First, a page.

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Shipping disruptions to keep coffee prices high for longer, say experts

Shipping disruptions to keep coffee prices high for longer, say experts 1

By Marcelo Teixeira

NEW YORK (Reuters) – Disruptions to transportation of coffee around the world, caused by container shortages and port congestion, will likely keep coffee prices high for a longer time since they make it more difficult for the market to rebalance supplies geographically.

Coffee analysts and traders said on Friday during the annual conference organized by the Swiss Coffee Trade Association (SCTA) that transportation problems are preventing available supplies from moving quickly to meet demand in some areas of the world, boosting prices for the commodity.

“When you have a global supply deficit, you will look for stock draws. High prices would boost transportation (of available coffee), but that is really not happening,” said Ben Clarkson, head of the coffee platform at Louis Dreyfus.

“There are clearly risks of higher prices. The market is scrambling for some kind of equilibrium but has not found that yet,” Clarkson added.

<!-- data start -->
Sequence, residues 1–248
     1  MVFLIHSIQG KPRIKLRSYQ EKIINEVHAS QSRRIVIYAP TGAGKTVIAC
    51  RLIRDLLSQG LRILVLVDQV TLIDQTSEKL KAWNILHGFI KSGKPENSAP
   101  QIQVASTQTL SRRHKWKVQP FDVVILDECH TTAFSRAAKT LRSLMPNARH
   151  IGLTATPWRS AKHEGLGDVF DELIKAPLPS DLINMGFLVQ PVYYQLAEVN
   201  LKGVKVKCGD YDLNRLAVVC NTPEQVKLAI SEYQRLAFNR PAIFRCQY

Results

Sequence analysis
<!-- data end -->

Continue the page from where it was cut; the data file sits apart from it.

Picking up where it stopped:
Arabica coffee prices in New York were near the highest in seven years this week, as the market deals with the outlook of a reduced supply in top grower Brazil after drought and frosts.

“We believe in a deficit of around four million bags, other analysts see it as high as seven million bags,” said Carlos Mera, head of agri commodities market research at Rabobank, adding that exports from Brazil and other producing countries have been slow due to shipping bottlenecks.

Nhung Ly, managing director at COMCO Trading in Vietnam, said the Asian country, the world’s second-largest coffee producer, will have a large 2021/22 coffee production on top of already big carry-over stocks, but companies have been struggling to move that coffee out of the country.

The experts said that current high prices will eventually boost production in countries and regions other than Brazil, such as Colombia, Central America and Africa, which will lead to a more balanced supply, but that would take time.

(Reporting by Marcelo Teixeira; Editing by Will Dunham)

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